As the calendar flips into July the days get longer (and hotter), the subtle scent of barbecue and fireworks fills the air, and I can’t help but to be reminded of so many quintessentially American Summer traditions. Ask anyone that grew up in the states and they’re sure to have their own favorites; baseball in the afternoon, opening up the fire hydrant on a city street, or chasing the ice cream truck through the neighborhood. If you ask me though, the undisputed king of these summer traditions is the great American road trip.
Maybe it’s the freedom of it, the allure of barreling down an open highway on your own terms – taking as many (or as few) pit-stops as you please along the way. Maybe it’s the sense of wonder and how massive the country seems when you drive through it instead of flying over it. Maybe it’s just the fact that my parents refused to fly us anywhere growing up (seriously, I’m not ruling out Stockholm syndrome from 13-hour driving days in the back of a minivan). Whatever it is, for me there’s nothing like planning the route, packing up the car, and hitting the road to see America up close.
This past month, my wife Nicole and I needed to get from Omaha, Nebraska to Santa Barbara, CA for a wedding. Naturally, we decided to make a road trip out of it. In planning our route, we knew we wanted to check off a few California bucket list items including hiking Yosemite National Park and driving Highway 1 through Big Sur. We also had some friends (and a very cute goddaughter) to visit in and San Francisco and wanted to check out Santa Cruz as a possible place to post up when we get back from traveling. So, we hopped on Google Maps and planned out a route with stops in Boulder, CO, Park City, UT and an all-star California lineup of Mammoth Lakes, Yosemite National Park, San Francisco, Santa Cruz, Big Sur, Santa Barbara, and then back to our current home base in Venice Beach.
(The Route - An epic drive through some of the best landscapes the US has to offer)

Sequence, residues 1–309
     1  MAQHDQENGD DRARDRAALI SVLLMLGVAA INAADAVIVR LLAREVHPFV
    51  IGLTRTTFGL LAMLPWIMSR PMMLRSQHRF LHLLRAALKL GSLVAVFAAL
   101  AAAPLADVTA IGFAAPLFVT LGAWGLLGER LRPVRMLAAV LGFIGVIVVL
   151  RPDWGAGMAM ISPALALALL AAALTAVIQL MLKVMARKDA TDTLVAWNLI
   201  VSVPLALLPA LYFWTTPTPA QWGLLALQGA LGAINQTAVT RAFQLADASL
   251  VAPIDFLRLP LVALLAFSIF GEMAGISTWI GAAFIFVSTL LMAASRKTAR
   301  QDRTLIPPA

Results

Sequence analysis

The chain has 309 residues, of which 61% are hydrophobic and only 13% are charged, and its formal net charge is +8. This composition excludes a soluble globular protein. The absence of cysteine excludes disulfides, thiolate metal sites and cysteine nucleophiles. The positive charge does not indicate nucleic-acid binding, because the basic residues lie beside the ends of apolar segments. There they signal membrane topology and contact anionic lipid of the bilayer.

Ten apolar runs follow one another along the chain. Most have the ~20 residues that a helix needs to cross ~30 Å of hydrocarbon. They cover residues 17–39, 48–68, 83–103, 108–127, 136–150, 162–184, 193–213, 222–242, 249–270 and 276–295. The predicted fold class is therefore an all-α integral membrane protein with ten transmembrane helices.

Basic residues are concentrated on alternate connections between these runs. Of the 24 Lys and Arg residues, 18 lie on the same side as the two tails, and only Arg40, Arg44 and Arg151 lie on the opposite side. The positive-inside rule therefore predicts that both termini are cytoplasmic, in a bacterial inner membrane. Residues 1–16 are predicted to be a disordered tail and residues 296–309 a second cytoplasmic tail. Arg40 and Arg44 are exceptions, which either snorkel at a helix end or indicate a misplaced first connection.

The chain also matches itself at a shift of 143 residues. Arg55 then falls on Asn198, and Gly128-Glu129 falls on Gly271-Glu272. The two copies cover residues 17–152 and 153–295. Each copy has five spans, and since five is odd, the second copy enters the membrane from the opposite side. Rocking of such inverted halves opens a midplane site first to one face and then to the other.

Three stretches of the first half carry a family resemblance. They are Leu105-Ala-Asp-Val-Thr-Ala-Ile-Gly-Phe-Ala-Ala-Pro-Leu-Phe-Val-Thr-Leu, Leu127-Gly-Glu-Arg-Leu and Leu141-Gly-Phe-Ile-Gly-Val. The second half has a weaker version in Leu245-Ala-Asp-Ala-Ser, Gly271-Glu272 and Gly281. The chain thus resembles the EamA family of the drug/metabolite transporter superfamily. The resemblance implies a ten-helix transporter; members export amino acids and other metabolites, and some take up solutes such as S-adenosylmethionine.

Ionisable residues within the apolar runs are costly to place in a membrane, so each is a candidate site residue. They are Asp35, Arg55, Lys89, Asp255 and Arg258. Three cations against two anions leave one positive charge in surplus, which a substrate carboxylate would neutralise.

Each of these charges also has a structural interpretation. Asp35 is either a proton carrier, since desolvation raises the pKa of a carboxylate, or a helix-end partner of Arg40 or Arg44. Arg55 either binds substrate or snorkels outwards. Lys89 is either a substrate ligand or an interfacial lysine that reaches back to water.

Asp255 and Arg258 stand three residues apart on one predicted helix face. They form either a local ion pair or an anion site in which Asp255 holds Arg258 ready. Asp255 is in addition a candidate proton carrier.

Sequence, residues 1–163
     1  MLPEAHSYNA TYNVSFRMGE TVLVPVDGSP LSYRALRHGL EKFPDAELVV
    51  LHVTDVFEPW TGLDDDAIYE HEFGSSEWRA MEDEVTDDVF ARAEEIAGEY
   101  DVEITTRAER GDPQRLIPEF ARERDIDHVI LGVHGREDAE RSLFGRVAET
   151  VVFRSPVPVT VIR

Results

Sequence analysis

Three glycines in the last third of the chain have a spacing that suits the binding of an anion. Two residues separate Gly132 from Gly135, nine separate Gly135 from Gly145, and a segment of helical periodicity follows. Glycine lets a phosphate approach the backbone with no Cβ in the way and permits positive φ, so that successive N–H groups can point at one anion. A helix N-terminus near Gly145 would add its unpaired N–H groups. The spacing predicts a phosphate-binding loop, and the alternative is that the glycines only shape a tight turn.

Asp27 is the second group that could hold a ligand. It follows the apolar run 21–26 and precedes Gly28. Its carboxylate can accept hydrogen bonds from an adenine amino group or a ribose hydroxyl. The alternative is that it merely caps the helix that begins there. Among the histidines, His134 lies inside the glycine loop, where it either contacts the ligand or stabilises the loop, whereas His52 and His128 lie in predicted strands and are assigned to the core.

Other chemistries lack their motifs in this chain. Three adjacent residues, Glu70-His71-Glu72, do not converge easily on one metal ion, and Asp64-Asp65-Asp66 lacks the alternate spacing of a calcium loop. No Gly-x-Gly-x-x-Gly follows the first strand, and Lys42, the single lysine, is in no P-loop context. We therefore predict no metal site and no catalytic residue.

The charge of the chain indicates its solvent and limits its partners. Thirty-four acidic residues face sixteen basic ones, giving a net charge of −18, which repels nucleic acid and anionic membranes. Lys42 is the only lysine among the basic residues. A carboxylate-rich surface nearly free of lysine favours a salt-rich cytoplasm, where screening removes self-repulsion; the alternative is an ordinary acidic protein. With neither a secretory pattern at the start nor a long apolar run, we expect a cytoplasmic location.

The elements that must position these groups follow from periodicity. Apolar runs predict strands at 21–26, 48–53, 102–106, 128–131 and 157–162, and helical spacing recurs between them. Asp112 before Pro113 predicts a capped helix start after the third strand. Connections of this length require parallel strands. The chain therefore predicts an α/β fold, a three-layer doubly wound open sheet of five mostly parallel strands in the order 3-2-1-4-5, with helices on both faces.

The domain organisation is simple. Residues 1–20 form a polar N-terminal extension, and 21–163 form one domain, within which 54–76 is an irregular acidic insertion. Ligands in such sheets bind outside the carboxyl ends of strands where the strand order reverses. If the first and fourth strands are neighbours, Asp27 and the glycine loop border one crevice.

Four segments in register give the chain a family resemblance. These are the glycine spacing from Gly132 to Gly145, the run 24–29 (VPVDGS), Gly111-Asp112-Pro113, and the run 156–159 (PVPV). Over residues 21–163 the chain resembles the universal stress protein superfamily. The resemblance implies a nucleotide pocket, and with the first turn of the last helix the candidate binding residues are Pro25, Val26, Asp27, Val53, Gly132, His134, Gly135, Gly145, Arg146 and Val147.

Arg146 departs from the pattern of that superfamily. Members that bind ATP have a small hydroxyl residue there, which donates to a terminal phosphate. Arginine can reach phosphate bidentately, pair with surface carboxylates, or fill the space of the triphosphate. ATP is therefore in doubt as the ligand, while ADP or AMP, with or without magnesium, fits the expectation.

All-in-all, the trip spanned 13 days, 6 states, and close to 2400 miles on the road! We saw some of the most incredible landscapes in the country (and the world, if you ask me), ate delicious food (and some not-so delicious food), caught up with friends and family, and made some lifetime memories. Since I could spend days talking about every stop on this trip, I figured it would be best to give you the highlights from my 3 favorite stops in California along with my best recommendations in each place for food, activities, and lodging (depending on your budget). Be sure to read to the end for a special summer discount to help you get geared up BANDITS style!
(Checking out Half Dome peak and rocking "Earth Chase" by Pedro Oyarbide)
Favorite Stops and Recommendations:
*Please note I have not been offered compensation of any kind for any of these recommendations, it’s just a bunch of stuff I like.
Mammoth Lakes + Yosemite National Park (California)
Before venturing into Yosemite, we spent the night in the ski-town of Mammoth Lakes on the eastern side of the park. In the morning, we made the roughly 30-minute drive to the park’s eastern entrance. Once inside, we slowed WAY down to gape at pristine mountain lakes, waterfalls, and meadows on our way to the Yosemite Valley on the western side of the park (where most of the action is). It is truly a sight to behold as every corner along the main park road reveals vistas more stunning than the next. My only regret is not spending a whole week there.
(Nicole taking in sunrise at Tenaya Lake in her "Got Snaked" bandana)
- The “Four Mile” Hike in Yosemite - stunning views of Yosemite Falls and Half Dome
- Catching sunrise at Tenaya Lake
- Ribs and Beer post-hike at Priest Station Cafe